Written by toomaime
Last Updated 🗓 a month ago
Build relationships before launch
Last wednesday I launched the second version of Growthhacklist on Producthunt. I was quite happy with the launch, which received more than 600 upvotes, 300 new signed up users and my newsletter passed the 1000 subscribers.
While looking at my previous launches, I think one thing that I often overlooked was the importance of building relationships before launching.
Building relationships online isn’t easy and figuring out how to engage can be tricky. You want to be helpful. You want to be nice. You want to say something informed. You don’t want to beg for something or sneak into a conversation you are not really involved in.
1. Join the right community
I can’t tell you which community is the right one for you but joining an active community can be pure gold and can have big effects on your network. In my case, as I try to build a start up as an indie maker, it is MakerLog that I have chosen as my community. People are super friendly and you get a lot of help and inspiration.
Not really a surprise but Twitter is one of the best tools out there to connect with people in your niche. For me it is still king for building relationships with people you admire and find interesting.
3. Be helpful
I can’t emphasize this more but being helpful to people is, in my opinion, one of the most important things. First of all, you feel better if you can help someone with his or her problem but at the end, above all, Karma will strike back and the people you helped will remember it when you are in need of help.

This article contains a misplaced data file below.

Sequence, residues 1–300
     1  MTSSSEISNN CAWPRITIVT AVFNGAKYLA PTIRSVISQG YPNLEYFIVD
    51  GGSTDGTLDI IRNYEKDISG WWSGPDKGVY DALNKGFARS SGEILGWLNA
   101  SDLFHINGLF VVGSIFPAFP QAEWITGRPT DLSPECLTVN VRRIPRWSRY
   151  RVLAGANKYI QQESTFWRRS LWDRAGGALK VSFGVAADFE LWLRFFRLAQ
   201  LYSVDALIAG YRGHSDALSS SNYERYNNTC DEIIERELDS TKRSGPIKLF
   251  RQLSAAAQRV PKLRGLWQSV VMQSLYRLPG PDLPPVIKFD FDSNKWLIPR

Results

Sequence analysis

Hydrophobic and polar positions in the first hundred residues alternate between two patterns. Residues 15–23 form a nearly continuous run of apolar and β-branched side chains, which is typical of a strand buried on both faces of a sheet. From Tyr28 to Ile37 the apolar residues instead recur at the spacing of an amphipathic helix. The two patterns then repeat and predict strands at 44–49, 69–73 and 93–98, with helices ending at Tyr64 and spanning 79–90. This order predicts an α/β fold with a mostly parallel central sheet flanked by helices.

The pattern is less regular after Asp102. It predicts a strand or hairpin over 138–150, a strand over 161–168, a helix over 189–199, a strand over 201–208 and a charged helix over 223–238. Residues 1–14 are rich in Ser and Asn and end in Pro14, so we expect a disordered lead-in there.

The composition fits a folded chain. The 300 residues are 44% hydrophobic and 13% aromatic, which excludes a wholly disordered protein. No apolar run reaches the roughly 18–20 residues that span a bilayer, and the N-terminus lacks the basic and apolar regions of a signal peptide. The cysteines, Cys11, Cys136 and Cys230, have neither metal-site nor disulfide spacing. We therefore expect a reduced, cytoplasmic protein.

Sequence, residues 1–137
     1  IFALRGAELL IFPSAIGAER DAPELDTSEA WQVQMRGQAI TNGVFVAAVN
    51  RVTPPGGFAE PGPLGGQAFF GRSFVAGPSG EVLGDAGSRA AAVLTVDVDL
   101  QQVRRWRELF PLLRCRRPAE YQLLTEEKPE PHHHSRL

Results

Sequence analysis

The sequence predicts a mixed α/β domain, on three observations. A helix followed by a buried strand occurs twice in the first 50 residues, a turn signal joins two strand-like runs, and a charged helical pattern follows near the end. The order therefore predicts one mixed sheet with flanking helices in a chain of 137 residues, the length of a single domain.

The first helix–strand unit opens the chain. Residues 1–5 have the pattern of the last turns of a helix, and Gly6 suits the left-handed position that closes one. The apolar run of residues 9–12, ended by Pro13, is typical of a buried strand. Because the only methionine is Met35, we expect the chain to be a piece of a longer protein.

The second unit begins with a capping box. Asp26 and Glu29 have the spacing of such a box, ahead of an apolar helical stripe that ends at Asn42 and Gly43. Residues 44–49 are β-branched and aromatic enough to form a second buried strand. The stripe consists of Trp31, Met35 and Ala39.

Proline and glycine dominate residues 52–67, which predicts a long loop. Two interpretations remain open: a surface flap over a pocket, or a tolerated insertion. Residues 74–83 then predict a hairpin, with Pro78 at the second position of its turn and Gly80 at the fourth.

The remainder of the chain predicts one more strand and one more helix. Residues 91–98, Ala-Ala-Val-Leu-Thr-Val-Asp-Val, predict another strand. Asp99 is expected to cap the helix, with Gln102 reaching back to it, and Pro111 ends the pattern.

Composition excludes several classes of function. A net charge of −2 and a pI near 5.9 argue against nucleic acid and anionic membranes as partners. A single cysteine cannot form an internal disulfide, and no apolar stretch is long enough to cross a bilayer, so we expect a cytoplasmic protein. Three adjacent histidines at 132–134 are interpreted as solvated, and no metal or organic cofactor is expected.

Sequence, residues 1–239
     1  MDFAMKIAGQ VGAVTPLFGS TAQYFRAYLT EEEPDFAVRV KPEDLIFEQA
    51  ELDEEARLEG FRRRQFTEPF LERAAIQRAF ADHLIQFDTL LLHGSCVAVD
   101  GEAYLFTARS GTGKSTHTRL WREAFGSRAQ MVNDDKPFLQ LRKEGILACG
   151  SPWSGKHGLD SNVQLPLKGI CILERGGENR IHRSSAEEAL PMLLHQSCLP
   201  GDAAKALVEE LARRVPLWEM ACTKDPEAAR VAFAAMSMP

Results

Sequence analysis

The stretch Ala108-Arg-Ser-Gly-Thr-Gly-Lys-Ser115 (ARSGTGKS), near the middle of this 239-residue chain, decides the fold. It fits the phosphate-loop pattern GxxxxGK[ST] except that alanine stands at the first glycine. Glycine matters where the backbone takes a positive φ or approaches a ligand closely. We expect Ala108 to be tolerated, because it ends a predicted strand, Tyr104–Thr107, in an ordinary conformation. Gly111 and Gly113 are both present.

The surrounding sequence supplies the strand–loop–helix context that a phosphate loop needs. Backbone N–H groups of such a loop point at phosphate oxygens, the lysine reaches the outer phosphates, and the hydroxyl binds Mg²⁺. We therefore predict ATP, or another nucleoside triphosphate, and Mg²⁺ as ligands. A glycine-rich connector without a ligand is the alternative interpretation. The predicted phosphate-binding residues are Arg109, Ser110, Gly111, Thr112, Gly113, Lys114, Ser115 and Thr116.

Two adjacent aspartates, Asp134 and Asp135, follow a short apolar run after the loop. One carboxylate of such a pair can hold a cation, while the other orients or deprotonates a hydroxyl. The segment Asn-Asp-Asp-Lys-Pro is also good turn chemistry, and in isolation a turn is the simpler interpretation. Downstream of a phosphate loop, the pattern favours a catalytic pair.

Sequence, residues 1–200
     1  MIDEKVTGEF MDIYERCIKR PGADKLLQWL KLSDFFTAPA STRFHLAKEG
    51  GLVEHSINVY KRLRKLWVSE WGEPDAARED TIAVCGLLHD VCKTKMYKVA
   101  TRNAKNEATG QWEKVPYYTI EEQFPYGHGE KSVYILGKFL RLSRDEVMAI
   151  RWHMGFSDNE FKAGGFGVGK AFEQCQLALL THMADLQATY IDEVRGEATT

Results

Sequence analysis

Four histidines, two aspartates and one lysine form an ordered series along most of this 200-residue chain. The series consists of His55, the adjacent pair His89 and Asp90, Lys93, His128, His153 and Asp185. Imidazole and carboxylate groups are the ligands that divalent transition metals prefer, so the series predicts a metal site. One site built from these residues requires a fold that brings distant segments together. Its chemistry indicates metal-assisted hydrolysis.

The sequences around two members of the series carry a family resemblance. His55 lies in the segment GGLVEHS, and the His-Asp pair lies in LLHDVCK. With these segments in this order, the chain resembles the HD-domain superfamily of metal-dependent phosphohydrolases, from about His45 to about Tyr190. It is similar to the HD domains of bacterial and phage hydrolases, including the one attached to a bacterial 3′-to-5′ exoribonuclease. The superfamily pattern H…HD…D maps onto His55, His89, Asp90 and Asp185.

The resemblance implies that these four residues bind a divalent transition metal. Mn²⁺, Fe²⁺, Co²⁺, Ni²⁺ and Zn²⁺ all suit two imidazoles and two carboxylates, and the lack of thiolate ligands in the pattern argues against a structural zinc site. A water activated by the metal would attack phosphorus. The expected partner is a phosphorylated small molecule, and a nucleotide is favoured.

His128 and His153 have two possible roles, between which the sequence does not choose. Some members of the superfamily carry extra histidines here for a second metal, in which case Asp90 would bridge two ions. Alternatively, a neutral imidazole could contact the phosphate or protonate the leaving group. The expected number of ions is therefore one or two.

4. Be thankful
You should appreciate the help of other people - even if it is only a Retweet on Twitter or a short mention from someone. Be thankful for it!
5. Include your contacts in things you post online.
I try as often as possible to mention people in my posts or tweets, give them credit for their work or help.
6. Engage in forums and discussions
Be active in forums and answer questions or start a new discussion. Here is an example of a question I asked on the Forum of MakerLog:
7. Connect with people having the same problem as you
There is someone out there who is having or has had the same problem as you. Find those people and connect with them. It helps a lot to exchange your thoughts and ideas. For example, in my case, chatting with Chris from Wellpaid.io and Stefan from Fullstackjob was a huge help and inspiration to learn how they are handling the chicken-egg problem with their job boards.